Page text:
Saturday, October 03, 2015

Toy Soldiers (1984)

Released the same year as RED DAWN, the second and last film written and directed by David Fisher (LIAR’S MOON) is part of a teensploitation subgenre involving ordinary kids fighting back against terrorists. NIGHTFORCE, OUT OF CONTROL, and — believe it or not — a second film titled TOY SOLDIERS, unrelated to this one, fall into this category.

This TOY SOLDIERS is barely remembered today, but is notable as the film debut of actor Tim Robbins (BOB ROBERTS). Producer E. Darrell Hallenbeck had a long but undistinguished Hollywood career as a script supervisor, assistant director, production manager, and occasional television director, most notably on THE MAN FROM U.N.C.L.E. Top-billed stars Jason Miller (THE EXORCIST) and Cleavon Little (BLAZING SADDLES) lead a cast of young unknowns that not only boasts Robbins, but also Terri Garber (soon to explode on television in NORTH AND SOUTH and DYNASTY) and Tracy Scoggins (THE COLBYS).

So these obnoxious college students are screwing around on a yacht in Central America, and one of them gets hurt. Some of the kids try to take him to a hospital, but are kidnapped by Latino terrorists. Sarge (Miller), the yacht captain and an ex-Marine, tries to find them, but manages only to get away with one, Amy (Garber), the daughter of the yacht’s rich owner (Roger Cudney, evil Hofrax in BARBARIAN QUEEN II).

The U.S. government refuses to pay the $3 million ransom or even negotiate with the terrorists, so Amy gets the bright idea of recruiting her pothead butler (Willard Pugh), the friends who didn’t get captured (including Robbins and Larry Poindexter), Sarge, and Sarge’s war buddy Buck (Little) for a privately funded rescue mission. Their training includes jogging on the beach, referencing THE A-TEAM, and beating the shit out of watermelons. There’s a dumb scene in which a random psycho jumps Amy on the beach for no reason, and she has to drown him in the ocean. I guess she’s ready!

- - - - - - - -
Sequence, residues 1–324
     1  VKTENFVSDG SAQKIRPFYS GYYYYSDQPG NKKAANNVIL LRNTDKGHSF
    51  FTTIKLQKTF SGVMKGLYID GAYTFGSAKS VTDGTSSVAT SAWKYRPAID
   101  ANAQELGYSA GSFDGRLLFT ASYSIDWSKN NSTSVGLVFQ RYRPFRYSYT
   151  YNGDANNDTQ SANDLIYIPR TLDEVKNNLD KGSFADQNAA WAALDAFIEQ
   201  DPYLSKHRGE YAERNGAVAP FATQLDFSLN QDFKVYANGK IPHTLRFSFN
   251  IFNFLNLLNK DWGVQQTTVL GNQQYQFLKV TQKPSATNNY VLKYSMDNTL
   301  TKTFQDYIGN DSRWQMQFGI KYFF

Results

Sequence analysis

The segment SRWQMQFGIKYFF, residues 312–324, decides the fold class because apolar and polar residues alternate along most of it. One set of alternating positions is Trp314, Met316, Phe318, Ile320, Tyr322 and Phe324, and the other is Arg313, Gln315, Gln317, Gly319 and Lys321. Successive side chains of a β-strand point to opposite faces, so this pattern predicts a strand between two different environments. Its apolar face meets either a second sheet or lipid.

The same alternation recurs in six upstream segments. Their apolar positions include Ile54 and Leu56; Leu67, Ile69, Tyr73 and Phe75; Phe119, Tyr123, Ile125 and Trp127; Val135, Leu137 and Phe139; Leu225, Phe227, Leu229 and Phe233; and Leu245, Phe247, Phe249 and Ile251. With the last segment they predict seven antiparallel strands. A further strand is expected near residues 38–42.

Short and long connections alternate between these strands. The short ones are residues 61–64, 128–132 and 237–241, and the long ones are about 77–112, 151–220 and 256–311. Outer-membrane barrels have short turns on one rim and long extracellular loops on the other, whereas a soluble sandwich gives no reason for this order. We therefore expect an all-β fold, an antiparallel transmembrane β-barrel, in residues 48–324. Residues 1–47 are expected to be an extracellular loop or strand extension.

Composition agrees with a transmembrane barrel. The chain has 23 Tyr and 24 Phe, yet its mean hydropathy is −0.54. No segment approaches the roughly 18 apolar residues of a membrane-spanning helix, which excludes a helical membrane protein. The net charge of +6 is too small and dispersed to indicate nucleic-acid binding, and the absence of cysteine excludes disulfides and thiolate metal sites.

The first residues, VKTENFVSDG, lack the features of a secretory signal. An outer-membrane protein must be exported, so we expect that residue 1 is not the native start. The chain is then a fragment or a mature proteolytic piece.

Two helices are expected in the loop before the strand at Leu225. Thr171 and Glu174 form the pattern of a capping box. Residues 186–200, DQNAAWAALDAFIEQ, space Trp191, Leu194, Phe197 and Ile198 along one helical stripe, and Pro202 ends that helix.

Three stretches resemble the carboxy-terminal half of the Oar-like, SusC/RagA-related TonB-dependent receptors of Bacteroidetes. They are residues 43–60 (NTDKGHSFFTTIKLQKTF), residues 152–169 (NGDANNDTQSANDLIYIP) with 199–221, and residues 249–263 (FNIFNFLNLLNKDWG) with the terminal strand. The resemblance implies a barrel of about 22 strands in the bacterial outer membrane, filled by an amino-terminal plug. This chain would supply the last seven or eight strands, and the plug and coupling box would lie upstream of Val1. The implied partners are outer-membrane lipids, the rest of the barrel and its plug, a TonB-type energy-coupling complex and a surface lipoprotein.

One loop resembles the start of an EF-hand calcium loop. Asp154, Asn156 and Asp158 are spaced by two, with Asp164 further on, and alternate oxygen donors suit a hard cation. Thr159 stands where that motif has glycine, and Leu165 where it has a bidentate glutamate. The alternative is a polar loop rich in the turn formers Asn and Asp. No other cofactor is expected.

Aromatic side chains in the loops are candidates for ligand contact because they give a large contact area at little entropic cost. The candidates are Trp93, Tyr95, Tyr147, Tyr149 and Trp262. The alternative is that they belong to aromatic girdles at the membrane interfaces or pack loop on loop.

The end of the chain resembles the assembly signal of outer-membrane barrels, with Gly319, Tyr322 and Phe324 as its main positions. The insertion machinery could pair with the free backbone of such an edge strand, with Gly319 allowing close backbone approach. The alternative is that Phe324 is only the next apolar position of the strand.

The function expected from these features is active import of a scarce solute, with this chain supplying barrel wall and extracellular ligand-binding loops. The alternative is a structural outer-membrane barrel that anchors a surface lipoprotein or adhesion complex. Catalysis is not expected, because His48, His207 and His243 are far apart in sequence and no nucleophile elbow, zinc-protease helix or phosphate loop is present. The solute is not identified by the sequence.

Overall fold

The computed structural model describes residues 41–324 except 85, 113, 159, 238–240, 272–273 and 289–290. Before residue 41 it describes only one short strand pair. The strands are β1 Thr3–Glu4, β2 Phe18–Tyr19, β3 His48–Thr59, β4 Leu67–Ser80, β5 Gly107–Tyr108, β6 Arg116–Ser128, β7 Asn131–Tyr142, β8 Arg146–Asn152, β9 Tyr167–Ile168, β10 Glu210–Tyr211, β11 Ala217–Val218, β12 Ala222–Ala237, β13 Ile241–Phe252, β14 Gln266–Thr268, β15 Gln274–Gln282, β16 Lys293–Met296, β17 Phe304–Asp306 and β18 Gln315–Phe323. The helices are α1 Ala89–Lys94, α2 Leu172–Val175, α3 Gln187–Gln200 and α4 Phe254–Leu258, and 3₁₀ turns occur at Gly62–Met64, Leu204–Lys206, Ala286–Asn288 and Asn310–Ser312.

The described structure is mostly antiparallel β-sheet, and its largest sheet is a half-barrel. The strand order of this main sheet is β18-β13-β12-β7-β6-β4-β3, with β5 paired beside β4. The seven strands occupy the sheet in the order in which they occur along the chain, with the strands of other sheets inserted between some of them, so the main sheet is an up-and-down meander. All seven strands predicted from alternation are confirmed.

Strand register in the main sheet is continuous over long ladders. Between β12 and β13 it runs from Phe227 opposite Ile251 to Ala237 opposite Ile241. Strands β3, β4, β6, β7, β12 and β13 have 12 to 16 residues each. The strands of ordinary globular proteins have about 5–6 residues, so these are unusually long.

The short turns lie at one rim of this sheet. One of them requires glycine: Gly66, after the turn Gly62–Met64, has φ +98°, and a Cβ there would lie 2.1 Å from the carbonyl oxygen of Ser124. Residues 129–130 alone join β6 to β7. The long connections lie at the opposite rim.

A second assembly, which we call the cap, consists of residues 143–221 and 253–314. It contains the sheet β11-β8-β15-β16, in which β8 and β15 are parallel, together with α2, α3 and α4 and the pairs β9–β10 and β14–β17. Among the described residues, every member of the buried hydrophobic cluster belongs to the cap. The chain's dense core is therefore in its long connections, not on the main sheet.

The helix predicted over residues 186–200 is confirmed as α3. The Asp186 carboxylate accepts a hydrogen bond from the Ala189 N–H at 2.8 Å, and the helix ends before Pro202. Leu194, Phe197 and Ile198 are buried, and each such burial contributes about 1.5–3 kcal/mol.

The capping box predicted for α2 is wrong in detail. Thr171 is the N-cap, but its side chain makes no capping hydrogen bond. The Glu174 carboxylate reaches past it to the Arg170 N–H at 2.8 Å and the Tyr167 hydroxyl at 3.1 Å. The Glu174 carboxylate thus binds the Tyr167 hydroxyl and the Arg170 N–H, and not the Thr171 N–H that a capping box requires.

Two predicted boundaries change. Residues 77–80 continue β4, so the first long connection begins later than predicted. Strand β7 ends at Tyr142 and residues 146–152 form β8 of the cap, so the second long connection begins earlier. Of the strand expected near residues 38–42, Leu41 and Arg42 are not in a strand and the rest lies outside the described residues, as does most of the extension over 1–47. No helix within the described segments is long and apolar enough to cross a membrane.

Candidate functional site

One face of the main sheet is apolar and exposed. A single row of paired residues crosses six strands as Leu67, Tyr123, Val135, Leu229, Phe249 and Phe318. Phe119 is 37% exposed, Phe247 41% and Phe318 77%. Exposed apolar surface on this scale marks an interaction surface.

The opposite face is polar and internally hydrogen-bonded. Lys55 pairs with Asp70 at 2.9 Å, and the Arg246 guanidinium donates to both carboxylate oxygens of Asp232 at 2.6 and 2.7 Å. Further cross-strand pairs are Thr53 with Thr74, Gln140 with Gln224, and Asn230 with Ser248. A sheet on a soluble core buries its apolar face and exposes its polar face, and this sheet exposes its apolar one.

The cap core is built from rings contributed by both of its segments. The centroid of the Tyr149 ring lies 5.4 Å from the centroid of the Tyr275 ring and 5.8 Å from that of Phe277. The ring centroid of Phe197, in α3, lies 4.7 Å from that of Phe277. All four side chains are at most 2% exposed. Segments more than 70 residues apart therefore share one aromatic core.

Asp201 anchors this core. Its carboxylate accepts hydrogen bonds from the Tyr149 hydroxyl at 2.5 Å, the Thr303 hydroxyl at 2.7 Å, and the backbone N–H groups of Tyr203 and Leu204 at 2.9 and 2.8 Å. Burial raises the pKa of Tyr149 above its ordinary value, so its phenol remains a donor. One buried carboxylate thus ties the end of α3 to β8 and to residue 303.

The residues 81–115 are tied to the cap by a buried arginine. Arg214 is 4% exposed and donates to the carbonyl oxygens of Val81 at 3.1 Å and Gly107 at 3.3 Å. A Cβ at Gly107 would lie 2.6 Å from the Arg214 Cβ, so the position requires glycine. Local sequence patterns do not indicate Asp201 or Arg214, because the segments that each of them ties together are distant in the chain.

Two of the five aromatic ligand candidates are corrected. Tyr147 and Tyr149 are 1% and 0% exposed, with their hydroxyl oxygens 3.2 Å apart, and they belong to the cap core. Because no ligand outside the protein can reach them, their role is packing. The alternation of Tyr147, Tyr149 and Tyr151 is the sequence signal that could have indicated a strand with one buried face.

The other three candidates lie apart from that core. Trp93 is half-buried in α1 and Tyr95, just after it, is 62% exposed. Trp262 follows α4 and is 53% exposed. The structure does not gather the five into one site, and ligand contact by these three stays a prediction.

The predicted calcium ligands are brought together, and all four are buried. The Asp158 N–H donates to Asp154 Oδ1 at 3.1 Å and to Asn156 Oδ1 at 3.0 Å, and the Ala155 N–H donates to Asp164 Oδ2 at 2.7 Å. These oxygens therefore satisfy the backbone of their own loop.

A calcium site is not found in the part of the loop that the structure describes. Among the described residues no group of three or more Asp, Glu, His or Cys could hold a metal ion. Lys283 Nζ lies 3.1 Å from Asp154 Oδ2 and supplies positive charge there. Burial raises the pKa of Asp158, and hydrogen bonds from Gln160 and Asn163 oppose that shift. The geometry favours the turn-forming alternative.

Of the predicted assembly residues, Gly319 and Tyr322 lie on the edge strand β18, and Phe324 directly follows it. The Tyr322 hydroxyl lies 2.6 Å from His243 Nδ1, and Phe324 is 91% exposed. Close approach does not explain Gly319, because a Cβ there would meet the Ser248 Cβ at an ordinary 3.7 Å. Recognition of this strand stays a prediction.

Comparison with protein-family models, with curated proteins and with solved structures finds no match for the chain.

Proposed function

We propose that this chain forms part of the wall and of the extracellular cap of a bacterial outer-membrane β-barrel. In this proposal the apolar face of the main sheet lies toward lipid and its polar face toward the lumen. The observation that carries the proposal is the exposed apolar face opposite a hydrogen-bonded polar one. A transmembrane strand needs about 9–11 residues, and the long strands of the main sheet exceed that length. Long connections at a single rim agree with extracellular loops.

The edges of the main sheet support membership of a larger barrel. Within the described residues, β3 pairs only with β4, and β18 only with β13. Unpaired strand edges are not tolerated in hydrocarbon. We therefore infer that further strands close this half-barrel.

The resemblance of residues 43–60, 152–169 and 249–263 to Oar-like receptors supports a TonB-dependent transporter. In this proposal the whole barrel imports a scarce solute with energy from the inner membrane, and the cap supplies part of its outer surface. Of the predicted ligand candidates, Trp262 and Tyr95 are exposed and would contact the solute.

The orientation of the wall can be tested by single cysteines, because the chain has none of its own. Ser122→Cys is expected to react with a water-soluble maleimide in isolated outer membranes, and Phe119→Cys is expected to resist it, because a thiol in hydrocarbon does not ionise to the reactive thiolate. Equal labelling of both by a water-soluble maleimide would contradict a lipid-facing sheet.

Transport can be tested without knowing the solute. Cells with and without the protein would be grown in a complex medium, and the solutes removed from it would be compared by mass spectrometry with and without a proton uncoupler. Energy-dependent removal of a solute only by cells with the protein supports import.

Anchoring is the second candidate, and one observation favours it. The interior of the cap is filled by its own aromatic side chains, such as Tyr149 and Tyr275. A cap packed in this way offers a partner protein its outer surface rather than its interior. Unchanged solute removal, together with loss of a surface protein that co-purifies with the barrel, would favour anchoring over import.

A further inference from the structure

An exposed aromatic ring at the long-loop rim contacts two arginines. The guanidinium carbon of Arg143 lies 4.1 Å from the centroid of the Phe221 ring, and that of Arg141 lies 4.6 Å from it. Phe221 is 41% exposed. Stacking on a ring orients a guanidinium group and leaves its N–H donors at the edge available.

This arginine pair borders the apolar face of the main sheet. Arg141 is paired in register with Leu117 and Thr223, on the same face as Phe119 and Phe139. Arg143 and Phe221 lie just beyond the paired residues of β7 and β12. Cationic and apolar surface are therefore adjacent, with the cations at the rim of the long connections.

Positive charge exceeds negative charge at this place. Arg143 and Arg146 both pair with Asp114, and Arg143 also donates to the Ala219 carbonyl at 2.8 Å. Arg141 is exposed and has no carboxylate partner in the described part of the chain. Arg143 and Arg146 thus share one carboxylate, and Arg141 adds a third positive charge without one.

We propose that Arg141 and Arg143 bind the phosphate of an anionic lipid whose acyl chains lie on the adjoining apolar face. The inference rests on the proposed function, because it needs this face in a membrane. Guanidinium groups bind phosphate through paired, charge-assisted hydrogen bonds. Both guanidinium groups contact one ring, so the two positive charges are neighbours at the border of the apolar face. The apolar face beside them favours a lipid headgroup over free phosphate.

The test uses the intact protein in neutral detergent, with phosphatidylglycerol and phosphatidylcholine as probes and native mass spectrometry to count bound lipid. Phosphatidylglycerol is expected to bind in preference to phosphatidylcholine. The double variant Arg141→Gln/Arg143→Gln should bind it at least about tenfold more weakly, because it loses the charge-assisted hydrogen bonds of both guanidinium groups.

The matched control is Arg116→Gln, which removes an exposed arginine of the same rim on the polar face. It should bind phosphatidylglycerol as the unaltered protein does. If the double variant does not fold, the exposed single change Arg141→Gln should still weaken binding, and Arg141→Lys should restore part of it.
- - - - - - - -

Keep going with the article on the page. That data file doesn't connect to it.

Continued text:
Miller and Little give this New World release more effort than it’s probably worth. Fisher and co-writer Walter Fox make zero effort to make the story anything but a fantasy. The cartoon villains have no personalities other than the basest lust and cruelty, and the kids reach their objective by freefalling 8,500 feet from an airplane. TOY SOLDIERS is dumb, which can be entertaining, but also dull, which never is. When their college classmates show up weeks later to rescue them, the hostages don’t seem the least bit surprised to see them, which is not even the hardest part of this movie to swallow. Some way cool explosions, though.

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